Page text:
These are the world's largest ice caves. Essentially, water comes through the cracks in the mountain and freeze there over winter. There are huge ice formations (one is 30 feet high!) and caverns made of just ice. The largest is at the top, a 60m x 40m room of sheer ice. It looks like crystal!

    There are no lights in the caves (to keep the ice from melting) so each pair is given an oil lamp to carry. You walk single file along ice paths, wooden platforms, and metal stairs, up 700 steps until you're only 400m from the top of the mountain.

    The guides are really informative, and our guy (Erik) climbed up on the formations and talked about them with his lantern making cool special effects on the walls.

    Be warned: it's really cold! Gloves are a must, a hat helps too.

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    Tour Hohenwerfen

    by rharlan Updated Jul 27, 2004

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    Our Son''s Wedding in The Chapel

    Why was this so special?--because my son and his wife were married in the chapel at Hohenwerfen Castle. After the wedding, coffee and strudel was served. While the bride and groom posed for photos, guests were treated to a tour of the castle. Audio guides are available in various languages, so both the German and English speaking guests were able to appreciate the historical importance of this fortress.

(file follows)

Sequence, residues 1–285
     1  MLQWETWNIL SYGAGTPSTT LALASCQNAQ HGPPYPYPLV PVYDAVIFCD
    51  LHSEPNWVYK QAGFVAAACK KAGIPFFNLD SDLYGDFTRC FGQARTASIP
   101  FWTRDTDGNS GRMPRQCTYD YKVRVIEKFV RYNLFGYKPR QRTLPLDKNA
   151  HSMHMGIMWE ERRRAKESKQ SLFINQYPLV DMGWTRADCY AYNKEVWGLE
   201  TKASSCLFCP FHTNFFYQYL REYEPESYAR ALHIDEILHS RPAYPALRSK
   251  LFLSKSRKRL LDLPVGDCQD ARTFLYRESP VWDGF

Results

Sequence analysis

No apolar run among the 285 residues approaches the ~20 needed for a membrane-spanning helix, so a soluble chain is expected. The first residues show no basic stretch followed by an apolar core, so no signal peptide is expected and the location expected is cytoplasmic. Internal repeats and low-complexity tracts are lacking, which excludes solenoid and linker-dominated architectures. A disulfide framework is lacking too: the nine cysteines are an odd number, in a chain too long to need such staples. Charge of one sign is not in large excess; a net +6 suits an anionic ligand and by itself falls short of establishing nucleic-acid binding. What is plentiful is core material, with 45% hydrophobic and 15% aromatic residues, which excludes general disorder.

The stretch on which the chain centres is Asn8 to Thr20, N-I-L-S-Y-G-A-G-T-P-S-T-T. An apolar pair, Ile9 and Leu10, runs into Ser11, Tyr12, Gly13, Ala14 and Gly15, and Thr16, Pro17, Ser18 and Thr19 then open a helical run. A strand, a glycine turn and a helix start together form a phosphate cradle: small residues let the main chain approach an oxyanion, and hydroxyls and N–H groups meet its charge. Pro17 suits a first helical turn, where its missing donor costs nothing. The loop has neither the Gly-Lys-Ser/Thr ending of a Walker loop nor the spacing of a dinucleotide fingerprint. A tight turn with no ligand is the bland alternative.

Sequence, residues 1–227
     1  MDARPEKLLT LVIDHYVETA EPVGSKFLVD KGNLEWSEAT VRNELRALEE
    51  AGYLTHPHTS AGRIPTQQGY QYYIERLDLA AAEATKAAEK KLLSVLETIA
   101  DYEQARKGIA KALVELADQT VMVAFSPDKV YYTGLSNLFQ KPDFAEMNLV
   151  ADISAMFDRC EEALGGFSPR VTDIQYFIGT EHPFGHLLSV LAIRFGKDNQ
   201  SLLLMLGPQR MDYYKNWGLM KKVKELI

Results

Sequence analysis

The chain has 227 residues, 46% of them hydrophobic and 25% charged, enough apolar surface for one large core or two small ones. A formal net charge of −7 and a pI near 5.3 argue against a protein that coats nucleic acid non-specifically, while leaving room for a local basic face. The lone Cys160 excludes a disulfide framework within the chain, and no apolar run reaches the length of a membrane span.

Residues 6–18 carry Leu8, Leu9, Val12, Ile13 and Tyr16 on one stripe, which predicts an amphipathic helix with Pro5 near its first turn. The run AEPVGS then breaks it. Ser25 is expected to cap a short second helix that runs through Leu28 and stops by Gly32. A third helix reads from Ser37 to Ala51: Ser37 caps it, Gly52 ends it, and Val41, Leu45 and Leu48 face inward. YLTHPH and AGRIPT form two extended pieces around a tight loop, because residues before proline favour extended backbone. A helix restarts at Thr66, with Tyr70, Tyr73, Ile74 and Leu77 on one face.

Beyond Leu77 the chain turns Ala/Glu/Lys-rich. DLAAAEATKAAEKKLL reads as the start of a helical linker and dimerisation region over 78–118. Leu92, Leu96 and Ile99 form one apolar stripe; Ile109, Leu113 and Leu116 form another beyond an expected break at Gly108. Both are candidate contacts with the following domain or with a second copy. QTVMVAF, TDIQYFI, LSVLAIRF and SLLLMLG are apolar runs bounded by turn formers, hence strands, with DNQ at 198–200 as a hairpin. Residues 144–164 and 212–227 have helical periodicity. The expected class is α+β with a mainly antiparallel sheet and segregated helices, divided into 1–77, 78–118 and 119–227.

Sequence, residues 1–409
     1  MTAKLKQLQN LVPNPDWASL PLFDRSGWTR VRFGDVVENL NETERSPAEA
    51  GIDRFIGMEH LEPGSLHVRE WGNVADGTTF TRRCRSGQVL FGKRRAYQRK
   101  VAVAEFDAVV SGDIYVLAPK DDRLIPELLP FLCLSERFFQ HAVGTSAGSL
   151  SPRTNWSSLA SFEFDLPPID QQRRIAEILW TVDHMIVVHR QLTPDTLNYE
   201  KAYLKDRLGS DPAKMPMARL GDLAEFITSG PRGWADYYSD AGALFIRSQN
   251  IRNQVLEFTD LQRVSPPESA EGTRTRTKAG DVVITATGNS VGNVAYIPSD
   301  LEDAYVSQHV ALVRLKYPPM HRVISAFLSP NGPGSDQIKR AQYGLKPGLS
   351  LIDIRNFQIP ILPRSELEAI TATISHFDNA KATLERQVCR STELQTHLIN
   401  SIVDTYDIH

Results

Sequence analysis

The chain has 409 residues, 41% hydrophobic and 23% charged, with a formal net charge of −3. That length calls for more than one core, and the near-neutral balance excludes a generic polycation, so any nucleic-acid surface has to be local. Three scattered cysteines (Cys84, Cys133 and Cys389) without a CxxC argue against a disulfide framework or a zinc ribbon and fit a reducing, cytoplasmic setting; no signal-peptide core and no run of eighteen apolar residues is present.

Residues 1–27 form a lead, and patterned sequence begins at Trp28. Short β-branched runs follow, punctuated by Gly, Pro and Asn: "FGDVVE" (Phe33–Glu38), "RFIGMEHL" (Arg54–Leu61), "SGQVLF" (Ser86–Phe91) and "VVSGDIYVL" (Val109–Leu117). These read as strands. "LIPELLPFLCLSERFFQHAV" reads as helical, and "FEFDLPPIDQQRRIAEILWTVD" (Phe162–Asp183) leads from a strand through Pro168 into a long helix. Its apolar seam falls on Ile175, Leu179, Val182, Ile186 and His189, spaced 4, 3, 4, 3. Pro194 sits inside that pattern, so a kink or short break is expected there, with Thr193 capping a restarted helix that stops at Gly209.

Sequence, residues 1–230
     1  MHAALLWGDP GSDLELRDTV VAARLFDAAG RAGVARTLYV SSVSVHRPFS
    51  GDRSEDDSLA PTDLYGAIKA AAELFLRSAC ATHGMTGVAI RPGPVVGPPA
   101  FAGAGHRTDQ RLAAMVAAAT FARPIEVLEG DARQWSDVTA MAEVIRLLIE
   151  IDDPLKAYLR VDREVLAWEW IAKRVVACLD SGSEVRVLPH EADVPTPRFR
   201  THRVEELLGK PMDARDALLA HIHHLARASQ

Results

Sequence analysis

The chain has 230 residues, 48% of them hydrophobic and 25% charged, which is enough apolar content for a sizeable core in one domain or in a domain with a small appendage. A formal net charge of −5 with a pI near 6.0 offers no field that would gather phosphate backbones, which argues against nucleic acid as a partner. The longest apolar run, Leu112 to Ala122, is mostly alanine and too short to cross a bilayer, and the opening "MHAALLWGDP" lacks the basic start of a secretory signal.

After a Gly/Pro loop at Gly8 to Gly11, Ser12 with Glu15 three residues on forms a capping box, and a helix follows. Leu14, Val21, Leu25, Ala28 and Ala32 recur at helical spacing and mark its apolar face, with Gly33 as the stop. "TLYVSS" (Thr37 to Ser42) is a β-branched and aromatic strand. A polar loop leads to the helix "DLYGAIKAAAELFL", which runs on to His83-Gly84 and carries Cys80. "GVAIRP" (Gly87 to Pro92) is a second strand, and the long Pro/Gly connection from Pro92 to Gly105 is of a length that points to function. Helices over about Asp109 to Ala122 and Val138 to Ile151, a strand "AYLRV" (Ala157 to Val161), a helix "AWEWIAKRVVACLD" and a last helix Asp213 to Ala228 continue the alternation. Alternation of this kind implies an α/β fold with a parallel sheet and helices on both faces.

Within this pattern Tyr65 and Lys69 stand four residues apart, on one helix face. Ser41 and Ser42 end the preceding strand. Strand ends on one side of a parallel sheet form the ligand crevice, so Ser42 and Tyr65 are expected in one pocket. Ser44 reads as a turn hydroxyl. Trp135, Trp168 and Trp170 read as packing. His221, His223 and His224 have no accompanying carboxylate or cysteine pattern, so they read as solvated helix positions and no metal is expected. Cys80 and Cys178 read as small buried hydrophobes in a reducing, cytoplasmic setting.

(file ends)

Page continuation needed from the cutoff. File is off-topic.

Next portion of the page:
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    Hohenwerfen Castle

    by Gentleman75 Written Jul 19, 2004

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    Hohenwerfen Castle

    Approx. 40 km south of the city of Salzburg, Hohenwerfen Castle towers above the Salzach Valley as a strategic bulwark built atop a 155 meter rock. The castle is majestically surrounded by the mighty Tennengau and Hagen mountain ranges. The fortification is a "sister" of Hohensalzburg Fortress and also dates back to the 11th century. The Salzburg district administration took possession of the castle in 1938. It was used as a training camp by the Austrian rural police until 1987. It was enlarged and renovated several times over the centuries.

    Hohenwerfen served as a prison for many centuries. Rulers such as Archbishop Adalbert III (1198), Graf Albert von Friesach (1253), the Styrian governor Siegmund (1525) and Archbishop Wolf Dietrich von Raitenau (1611) were held captive here.